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Electorate talk - Commonwealth day

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EMBARGO: 5:00 pm





It is Commonwealth Day tomorrow, so it is opportune to remind all Australians of the relevance of the Commonwealth, because the Commonwealth does mean much to Australia. It is particularly significant in 1981 because,the Statute of Westminster, the British Parliamentary Act which led to the

Commonwealth is 50 years old, and the Commonwealth Heads of Government Meeting will be held in Australia for the first time.

There is more to the Commonwealth than it being a symbol of Australia's traditional links with Britain. The Commonwealth of today has its own identity. It haib a record of accomplishments of which Australians can be proud, and it continues to work

towards solving international problems.

The Commonwealth is unique from other international organisations based on geographic, economic or ideological considerations. Instead, the bond between all the countries which make up the Commonwealth is their historical correction with Britain.

It is a voluntary association operating only on the basis of consensus.

The Commonwealth is relevant in that it provides Australia with access to the views of 43 countries on a wide variety of topics of world importance. Australia's membership of the Commonwealth enables us to influence those views.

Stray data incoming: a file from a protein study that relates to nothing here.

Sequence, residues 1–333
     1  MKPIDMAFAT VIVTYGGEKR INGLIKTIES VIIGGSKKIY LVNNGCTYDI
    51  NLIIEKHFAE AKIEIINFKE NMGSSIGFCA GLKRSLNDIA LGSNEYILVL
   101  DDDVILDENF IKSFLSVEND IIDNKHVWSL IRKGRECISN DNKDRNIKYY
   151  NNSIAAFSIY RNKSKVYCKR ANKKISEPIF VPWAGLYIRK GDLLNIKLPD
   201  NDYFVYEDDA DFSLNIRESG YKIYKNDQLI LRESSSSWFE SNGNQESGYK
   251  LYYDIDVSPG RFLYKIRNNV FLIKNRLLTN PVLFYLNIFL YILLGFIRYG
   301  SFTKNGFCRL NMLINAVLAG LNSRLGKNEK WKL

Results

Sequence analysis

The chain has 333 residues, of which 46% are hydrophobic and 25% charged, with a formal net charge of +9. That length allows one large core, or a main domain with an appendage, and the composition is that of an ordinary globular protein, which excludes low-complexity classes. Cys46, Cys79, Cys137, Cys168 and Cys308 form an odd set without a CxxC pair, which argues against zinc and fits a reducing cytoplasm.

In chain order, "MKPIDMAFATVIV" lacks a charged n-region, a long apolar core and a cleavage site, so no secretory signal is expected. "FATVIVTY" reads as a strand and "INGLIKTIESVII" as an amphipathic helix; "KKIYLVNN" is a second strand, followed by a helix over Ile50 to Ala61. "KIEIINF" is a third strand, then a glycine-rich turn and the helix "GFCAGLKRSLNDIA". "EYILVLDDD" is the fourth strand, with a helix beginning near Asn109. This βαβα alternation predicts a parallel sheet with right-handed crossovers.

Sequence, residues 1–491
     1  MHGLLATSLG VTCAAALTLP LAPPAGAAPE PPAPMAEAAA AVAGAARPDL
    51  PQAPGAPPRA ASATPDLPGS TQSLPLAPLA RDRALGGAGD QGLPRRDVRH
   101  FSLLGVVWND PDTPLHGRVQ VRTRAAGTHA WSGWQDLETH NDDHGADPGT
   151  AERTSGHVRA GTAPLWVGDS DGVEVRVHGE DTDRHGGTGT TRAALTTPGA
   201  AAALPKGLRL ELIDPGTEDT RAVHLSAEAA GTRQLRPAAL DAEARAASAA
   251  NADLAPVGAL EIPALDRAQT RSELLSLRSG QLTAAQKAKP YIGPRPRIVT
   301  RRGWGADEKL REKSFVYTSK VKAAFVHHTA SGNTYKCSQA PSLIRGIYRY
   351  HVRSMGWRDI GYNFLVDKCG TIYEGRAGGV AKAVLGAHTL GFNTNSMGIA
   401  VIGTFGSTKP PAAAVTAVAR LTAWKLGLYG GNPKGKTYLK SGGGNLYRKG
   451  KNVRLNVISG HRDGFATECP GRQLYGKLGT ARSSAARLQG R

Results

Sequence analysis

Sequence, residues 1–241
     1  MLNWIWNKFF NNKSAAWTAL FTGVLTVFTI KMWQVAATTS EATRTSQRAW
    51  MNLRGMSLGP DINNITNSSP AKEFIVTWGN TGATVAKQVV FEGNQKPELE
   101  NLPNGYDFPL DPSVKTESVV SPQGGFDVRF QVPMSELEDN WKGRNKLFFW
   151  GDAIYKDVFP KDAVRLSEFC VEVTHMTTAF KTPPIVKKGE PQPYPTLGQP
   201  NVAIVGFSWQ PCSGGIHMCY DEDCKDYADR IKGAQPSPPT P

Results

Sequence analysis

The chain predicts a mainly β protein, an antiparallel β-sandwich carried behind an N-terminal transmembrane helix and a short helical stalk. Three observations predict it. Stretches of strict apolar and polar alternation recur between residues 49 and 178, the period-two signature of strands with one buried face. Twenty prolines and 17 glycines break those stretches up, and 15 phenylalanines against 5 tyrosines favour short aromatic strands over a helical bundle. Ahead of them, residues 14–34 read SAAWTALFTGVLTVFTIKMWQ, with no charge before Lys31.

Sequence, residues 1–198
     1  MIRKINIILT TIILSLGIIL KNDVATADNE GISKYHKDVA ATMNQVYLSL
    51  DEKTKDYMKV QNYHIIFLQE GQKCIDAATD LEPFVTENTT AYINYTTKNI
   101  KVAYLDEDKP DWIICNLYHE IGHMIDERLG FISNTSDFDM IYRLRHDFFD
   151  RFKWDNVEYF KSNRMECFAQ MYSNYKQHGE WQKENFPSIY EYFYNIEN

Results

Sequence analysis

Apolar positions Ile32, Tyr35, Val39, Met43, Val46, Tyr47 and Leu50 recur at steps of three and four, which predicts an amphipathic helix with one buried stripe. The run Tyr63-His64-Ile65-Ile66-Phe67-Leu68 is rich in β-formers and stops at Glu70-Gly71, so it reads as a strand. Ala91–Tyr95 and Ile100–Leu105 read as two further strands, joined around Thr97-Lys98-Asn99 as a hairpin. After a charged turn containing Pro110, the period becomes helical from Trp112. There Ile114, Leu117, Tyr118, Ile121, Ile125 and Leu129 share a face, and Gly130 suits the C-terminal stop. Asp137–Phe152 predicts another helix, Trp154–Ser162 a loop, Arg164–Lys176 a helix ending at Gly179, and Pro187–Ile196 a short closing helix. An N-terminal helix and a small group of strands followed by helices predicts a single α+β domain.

There are no obligations involved in membership, no treaties nor written commitments, only a dedication to the ideals of the Commonwealth.

One of the Commonwealth's major strengths is its practice of holding its discussions confidentially, and reaching decisions without voting. This enables the members to talk fully, and frankly but simultaneously making a special effort to reconcile

the different points of view in trying to solve both global and regional problems.

Then there are those critics without any alternative, constructive ideas, who decry the achievements of Australia's involvement in the Commonwealth.




The Leader of the Labor Opposition, Mr. Hayden, views the Commonwealth Heads of Government Meeting as "an anachronistic institution, a talk-shop of dubious value to Australia". This is his description of an occasion which brings together some

44 Heads of Government, over 90% of whom represent Third World countries.

Those attending will include people of the calibre of Indira Gandhi, Pierre Trudeau, Julius Nyrere, Margaret Thatcher and Lee Kuan Yew - all of whom according to the Leader of the Opposition are prepared to travel^ long distances and to waste

their time on a useless gathering.

What can one say about such a view? Well, first one., can say that it is utterly old-fashioned. It is the sort of thing that used to be said 20 or 30 years ago, before the Commonwealth had been transformed into a multi-racial association of independent

states drawn from all continents. Since then it has become an important and very contemporary instrument for dealing with North/South economic issues, African and Asian issues, as well as other matters of concern to its members.

I have no doubt that anyone meeting Mr^ Ramphal, the Commonwealth Secretary-General, who is known and respected in the diplomatic centre of the world, and Mr. Hayden would have any difficulty in determining who was really the anachronism in today's world.

Indeed, after saying what he did, Mr. Hayden had to immediately contradict himself and acknowledge that this so-called talk-shop had achieved notable success (his words) at its very last meeting in Lusaka, where the settlement on Zimbabwe was negotiated. He did not explain how an anachronism'was able to achieve this.